Why do we put so much weight on January 1st? Turns out, we’re wired to do this. It’s been shown that new beginnings, fresh starts, drives us to make changes. The beginning of the year isn’t the only time we feel this way. To a lesser extent, the beginnings of weeks or months show this effect too. You know the typical Saturday night thought, diet starts Monday.
Gyms really know how bad we are at sticking to resolutions. Case in point: Gyms never waste money on new machines for new January sign-ups since they certainly won’t be needing them by February. Their business model literally relies on you choosing The Queen’s Gambit over them.
The January Effect
Even the market experiences a form of new beginning optimism and consistently performs better than average around this time of year. Recent evidence suggests that this is partially due to the fact that we view the future more optimistically and lean towards riskier stocks, which inevitably drop down to their real value. Maybe we’re not all that different from stocks.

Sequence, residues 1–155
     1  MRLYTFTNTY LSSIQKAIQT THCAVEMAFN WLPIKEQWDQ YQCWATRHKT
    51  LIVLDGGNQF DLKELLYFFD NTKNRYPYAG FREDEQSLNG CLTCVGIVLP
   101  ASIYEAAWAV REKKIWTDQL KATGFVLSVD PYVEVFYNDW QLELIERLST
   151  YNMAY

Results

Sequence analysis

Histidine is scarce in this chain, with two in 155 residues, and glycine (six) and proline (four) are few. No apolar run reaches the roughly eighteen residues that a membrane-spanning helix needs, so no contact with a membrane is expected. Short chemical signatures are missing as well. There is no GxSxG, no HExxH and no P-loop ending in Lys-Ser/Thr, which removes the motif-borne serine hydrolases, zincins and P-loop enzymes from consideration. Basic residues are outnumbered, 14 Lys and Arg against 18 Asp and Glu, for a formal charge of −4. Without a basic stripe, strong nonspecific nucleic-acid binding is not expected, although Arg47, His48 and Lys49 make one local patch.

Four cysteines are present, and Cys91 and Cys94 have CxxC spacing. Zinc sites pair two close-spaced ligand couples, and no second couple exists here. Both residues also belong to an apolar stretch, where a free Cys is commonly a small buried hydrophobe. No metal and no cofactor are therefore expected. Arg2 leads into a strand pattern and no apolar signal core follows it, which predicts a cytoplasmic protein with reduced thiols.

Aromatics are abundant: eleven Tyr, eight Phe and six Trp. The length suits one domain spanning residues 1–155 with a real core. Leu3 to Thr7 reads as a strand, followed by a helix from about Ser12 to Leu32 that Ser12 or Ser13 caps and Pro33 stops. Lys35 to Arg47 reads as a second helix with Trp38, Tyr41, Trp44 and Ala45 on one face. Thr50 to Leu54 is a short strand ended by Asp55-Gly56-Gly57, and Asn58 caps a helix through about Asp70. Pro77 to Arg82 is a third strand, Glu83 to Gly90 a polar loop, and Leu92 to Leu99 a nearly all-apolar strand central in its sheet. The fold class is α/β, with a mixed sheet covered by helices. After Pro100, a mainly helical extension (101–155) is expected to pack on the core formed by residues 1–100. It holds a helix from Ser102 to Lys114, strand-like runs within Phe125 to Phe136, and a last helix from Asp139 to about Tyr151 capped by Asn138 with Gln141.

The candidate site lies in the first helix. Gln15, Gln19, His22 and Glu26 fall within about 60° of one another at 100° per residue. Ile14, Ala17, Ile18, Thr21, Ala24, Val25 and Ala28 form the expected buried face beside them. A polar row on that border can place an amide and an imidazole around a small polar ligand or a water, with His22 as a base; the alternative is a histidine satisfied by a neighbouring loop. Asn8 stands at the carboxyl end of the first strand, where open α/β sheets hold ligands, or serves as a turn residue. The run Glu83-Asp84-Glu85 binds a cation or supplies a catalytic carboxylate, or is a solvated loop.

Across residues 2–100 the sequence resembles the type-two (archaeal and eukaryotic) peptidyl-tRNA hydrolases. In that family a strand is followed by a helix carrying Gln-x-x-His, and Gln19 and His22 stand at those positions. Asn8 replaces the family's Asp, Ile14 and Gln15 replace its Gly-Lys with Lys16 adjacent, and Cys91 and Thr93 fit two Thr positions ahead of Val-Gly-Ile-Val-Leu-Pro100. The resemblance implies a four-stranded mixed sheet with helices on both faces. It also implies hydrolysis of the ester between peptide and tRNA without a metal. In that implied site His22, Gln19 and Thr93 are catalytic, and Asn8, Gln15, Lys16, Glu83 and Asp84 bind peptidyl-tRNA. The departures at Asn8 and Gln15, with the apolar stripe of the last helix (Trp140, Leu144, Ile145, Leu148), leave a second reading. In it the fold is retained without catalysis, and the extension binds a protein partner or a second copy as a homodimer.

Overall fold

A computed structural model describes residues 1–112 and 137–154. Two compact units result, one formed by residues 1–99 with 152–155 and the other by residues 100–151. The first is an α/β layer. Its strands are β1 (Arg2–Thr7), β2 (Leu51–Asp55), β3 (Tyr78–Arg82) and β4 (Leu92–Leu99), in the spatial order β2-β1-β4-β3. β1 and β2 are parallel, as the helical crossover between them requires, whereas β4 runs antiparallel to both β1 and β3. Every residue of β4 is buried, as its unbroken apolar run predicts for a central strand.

On January 1st, we all share the illusion that our new kick of motivation will fuel a life-long exercise habit. Jason Riis, Harvard Business School professor, explains, “in the moment of exuberance, it’s easy to forget how much we won’t feel like exercising.” Psychologists Janet Polivy and Peter Herman call this the false-hope syndrome: “unrealistic expectations about our ability to change, followed closely by the dashing of our initially high aspirations.”